Modeling and Evaluating Possible Waveforms for 5G

Blog Post created by AlyssaRao Employee on Jul 7, 2016

If you missed our webcast on February 5, be glad. You would have been standing. Okay, just kidding, it was an online webcast, but we had a record number of people on the line clamoring for their question to be answered during the Q&A session. You missed out.


The good news is that the recorded version and slides are now available here. So grab a cup of coffee, take a seat, and learn about what is currently being done in 5G research at the physical layer.


For those who just want the highlights, keep reading. In this post and the next two, I’m going to cover the highlights from that webcast.



If you missed it live, click the picture to watch the on-demand version.

Researching Waveform Techniques for 5G

Today I’d like to highlight the most interesting part (I believe) of 5G research today, waveform techniques.  The webcast covered 3 waveforms:

  1. Orthogonal Frequency Division Multiplexing (OFDM)
  2. Filter Bank Multicarrier (FBMC)/Generalized Frequency Division Multiplexing (GFDM)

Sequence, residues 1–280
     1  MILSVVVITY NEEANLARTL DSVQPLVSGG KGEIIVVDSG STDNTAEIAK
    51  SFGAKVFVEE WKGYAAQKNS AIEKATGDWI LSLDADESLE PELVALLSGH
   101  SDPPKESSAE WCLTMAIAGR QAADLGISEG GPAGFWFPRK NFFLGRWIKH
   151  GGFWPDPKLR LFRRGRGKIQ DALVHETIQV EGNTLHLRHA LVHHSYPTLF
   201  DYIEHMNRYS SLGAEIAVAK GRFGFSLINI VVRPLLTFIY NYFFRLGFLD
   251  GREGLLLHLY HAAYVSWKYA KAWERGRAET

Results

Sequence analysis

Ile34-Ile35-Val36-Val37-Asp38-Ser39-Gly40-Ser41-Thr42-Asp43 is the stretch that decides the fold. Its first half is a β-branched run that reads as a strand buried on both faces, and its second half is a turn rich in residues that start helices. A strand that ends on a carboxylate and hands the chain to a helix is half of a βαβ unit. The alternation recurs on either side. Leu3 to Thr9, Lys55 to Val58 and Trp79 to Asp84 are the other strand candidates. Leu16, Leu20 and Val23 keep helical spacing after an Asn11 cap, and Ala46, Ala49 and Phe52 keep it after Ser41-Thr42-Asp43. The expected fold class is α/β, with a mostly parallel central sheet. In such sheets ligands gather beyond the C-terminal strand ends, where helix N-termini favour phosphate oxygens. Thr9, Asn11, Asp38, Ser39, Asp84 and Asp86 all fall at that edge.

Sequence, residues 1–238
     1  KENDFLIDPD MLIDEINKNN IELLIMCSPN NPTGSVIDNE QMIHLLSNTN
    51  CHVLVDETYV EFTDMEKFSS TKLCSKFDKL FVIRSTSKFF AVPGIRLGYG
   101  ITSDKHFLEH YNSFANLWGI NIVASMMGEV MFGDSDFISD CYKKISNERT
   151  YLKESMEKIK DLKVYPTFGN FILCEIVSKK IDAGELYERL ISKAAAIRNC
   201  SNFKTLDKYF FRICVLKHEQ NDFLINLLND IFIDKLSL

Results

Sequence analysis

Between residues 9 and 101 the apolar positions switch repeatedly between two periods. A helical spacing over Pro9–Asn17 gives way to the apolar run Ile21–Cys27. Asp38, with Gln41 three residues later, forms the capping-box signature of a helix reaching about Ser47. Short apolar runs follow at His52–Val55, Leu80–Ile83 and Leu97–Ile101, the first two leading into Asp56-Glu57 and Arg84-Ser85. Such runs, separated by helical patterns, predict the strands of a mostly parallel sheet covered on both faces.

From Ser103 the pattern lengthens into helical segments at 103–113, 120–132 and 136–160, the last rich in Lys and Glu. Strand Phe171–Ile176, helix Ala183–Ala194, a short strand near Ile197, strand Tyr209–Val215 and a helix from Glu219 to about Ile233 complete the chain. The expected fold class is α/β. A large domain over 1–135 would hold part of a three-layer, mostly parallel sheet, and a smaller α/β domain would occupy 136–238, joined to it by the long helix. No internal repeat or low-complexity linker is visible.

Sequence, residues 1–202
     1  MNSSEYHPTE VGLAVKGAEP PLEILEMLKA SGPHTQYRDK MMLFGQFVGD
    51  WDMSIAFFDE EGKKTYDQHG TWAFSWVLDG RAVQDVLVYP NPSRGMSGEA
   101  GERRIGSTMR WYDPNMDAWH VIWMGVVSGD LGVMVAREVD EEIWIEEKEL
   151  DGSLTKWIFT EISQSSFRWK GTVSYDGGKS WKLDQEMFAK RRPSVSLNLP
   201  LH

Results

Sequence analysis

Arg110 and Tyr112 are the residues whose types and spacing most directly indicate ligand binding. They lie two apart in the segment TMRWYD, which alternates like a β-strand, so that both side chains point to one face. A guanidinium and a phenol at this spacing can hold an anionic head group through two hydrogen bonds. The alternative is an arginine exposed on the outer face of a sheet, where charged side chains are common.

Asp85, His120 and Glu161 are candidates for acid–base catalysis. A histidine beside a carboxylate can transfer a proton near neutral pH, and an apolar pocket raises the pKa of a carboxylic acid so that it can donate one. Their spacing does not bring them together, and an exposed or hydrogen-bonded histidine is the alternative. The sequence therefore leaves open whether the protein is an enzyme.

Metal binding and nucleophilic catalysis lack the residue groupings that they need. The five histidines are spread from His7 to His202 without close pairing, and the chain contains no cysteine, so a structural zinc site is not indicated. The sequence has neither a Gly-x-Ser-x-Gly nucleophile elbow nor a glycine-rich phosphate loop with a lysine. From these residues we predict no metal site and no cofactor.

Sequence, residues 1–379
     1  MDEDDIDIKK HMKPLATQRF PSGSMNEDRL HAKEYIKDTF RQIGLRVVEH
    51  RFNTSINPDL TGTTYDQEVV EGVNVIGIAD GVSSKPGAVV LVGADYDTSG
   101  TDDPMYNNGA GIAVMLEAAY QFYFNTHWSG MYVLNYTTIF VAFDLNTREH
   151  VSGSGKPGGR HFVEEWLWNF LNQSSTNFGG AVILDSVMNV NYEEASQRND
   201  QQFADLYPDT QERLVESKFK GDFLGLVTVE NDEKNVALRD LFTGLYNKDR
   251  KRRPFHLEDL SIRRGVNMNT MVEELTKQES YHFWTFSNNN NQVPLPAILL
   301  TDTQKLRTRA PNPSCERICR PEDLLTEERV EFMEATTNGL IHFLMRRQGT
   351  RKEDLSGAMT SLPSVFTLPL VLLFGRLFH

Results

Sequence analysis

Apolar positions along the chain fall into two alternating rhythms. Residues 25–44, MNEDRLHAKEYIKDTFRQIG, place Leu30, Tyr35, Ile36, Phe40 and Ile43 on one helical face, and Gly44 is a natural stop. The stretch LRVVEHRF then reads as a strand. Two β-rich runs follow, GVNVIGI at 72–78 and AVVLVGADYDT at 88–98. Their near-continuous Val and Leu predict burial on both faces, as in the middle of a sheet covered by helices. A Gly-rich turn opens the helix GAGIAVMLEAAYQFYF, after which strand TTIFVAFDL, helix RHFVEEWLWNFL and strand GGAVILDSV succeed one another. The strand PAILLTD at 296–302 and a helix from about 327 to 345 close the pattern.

3. Universal Filtered Multicarrier (UFMC)


Designers are currently investigating which waveform would meet all of the requirements that 5G would demand. This includes such considerations as: efficiently supporting high density users, optimizing multiple accesses, efficient use of spectrum, robustness to narrow-band jammers and impulses, and many others. The webcast covered the advantages and disadvantages of each waveform for 5G.

ESL_Figure 1.jpg

OFDM vs FDMC spectrum using different filter overlap factor (photo credit: Understanding 5G webcast)


It was a very interesting discussion, and, spoiler alert, it looks like OFDM is currently leading the way, but I encourage each of you to listen to the webinar for yourself.

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GFDM vs OFDM (photo credit: Understanding 5G webcast)

The discussion concluded with an end to end performance simulation of an FBMC reference source and receiver. It was a great way to visualize and sum all signal processing techniques in one model. It made a lot of sense for any type of physical layer designer who is researching new communications systems.

ESL_Figure 3.jpg